At first, Thanksgiving seemed completely normal. The women cooked bread, potatoes, and pies; the men watched football and joked about the women cooking. As usual, Aunt Dora arrived last, turkey in hand, whimsical grin on her face. The table was set by the three youngest children, a family tradition dating back many generations (originally a punishment, now a game). The adults sat tallest to shortest at the big table. The kids sat fattest to skinniest at the little table. Grandma prayed while grandpa stuck his fingers in his ears. It was all completely normal.
The first sign that things may not have been completely normal was the resounding clunk the carving knife made when it struck Aunt Dora's turkey. "It sounds metal!" screamed precocious little Josie, astutely observant at the age of 5. "Not metal, stupid, metallic," corrected her older, grumpier brother. The adults continued their conversations as if nothing was out of the ordinary, but they stole suspicious glances at the turkey as they talked. Grandpa, tried again to carve the turkey, but was met again with resistance and a thud. He pulled the knife up into the air and in unison everyone at the tables shouted, "By golly!"
The formerly sharp and shiny knife was now bent and mangled into a nearly unrecognizable heap. The eyes at the tables shifted back and forth between the knife and the turkey while Grandpa tried in vain to straighten out the knife. At last, it was aggressive cousin Connie who decided to be proactive. She stood up, grabbed the turkey off the plate and threw it at the wall. The instant it hit the wall, her mother began to admonish her for making a mess, the children began cheering to reward her heroism, and turkey began to walk away.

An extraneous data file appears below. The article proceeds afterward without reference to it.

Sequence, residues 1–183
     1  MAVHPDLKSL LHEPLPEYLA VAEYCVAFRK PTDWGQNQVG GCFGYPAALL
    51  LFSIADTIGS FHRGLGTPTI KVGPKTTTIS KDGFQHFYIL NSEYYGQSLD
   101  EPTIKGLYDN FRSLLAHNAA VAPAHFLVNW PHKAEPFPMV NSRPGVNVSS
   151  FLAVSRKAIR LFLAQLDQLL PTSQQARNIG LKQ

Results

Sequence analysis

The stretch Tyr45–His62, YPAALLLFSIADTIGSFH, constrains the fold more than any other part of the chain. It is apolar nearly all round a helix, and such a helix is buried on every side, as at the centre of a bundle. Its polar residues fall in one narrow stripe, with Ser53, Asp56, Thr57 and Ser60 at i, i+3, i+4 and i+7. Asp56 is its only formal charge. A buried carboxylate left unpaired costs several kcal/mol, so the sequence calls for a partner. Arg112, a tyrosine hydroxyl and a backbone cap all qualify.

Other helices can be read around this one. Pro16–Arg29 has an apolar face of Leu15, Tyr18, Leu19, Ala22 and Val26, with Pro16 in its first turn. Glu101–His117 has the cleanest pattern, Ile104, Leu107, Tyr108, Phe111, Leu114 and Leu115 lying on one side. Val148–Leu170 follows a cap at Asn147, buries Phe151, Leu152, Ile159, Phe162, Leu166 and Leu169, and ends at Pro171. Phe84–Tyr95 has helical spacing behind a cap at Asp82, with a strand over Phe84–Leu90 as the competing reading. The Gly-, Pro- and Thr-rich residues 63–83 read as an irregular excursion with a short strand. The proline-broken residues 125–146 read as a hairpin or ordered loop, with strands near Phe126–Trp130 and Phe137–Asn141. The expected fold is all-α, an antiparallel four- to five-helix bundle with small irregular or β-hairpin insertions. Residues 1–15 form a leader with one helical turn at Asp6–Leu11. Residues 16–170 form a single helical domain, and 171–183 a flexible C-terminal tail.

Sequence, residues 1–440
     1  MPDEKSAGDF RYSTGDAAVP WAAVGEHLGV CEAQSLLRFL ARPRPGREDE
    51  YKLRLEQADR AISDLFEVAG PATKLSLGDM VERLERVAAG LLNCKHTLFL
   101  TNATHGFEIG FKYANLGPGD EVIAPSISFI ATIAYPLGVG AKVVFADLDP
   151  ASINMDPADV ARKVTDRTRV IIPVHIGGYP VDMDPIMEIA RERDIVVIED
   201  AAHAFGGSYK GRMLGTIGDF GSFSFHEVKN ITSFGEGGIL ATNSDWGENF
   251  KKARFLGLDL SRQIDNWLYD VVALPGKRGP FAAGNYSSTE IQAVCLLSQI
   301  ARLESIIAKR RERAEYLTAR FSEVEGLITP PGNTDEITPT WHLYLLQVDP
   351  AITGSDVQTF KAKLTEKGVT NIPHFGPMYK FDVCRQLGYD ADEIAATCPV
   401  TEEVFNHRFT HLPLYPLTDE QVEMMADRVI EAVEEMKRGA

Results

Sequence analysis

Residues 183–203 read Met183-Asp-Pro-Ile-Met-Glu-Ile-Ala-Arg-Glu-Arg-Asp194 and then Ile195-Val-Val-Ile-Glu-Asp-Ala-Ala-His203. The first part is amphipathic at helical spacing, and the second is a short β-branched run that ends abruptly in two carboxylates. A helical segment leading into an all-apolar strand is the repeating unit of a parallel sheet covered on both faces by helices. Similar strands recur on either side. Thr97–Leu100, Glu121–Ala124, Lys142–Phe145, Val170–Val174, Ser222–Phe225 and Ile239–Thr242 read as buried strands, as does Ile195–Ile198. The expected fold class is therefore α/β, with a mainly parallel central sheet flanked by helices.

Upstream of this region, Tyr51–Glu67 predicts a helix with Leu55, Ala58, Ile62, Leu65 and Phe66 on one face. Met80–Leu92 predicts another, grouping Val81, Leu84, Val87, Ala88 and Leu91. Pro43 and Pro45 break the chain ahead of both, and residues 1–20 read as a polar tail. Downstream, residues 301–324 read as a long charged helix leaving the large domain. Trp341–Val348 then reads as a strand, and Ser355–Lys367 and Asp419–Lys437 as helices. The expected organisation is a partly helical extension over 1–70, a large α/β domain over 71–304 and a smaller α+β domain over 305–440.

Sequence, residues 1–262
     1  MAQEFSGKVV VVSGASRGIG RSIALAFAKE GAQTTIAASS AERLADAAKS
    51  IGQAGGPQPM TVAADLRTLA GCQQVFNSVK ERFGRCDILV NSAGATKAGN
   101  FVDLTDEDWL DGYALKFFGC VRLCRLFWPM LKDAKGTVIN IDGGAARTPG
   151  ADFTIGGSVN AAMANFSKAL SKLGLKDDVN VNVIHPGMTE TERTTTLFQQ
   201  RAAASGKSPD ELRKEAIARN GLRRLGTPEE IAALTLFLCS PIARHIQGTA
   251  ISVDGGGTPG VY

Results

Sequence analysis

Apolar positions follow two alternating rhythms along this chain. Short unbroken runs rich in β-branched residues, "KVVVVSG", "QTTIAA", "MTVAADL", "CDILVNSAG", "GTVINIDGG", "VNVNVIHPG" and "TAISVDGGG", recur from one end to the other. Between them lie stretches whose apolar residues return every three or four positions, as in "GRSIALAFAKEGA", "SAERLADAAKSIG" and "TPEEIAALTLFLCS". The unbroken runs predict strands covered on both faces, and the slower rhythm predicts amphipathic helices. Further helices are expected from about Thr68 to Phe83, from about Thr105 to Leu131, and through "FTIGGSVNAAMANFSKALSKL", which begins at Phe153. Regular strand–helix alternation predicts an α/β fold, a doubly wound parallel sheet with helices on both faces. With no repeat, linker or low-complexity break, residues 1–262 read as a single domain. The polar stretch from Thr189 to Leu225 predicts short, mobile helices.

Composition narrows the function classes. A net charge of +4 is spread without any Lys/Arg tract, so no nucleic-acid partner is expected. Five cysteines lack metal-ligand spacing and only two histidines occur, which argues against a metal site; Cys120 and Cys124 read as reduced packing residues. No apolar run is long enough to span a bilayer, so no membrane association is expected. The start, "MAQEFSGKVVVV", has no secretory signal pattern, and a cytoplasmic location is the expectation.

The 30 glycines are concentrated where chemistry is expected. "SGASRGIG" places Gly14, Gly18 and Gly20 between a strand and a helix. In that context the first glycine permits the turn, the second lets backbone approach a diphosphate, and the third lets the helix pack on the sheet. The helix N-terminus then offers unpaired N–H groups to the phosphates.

"I was robbed," squealed Aunt Dora, tears streaming down her face, "That turkey cost me $21.50 and it barely seems edible". As her sisters comforted her, the kids began chasing the turkey around the house. By now, the prim and proper neighbors who scoffed at the idea of canned cranberries and didn't let unruly relatives attend their solemn holiday gatherings had taken out their opera binoculars and begun watching the chaos unfold.
Not surprisingly, it was Connie who finally caught the turkey. Just to be on the safe side, the other kids piled on top of Connie to make sure the turkey didn't escape. Slowly, cautiously, but not fearfully, the kids stepped back and looked at what Connie held in her bruised hands. "A rowboat" said an excited Josie. "Moron, it's a robot" stated her increasingly annoying brother.
"A ROBOT!" everyone screamed and jumped up and down. Aunt Dora wondered if this was some kind of "prank". Grandpa went off in search of high-powered magnets. The neighbors rolled their eyes and went back to eating.
Then, Connie tore off a piece of the quieted robot and put it in her mouth. "Mmmmm!" she proclaimed. She stood up, placed the turkey in the middle of the table and sat back down in her spot. Following her example, all of the other people at the table also took their seats and systematically began passing the potatoes, the canned cranberries, the stuffing, and then the robot turkey. "You know what I'm thankful for?" asked Aunt Dora. "I'm thankful that robot turkeys taste so delicious". Everyone nodded in agreement.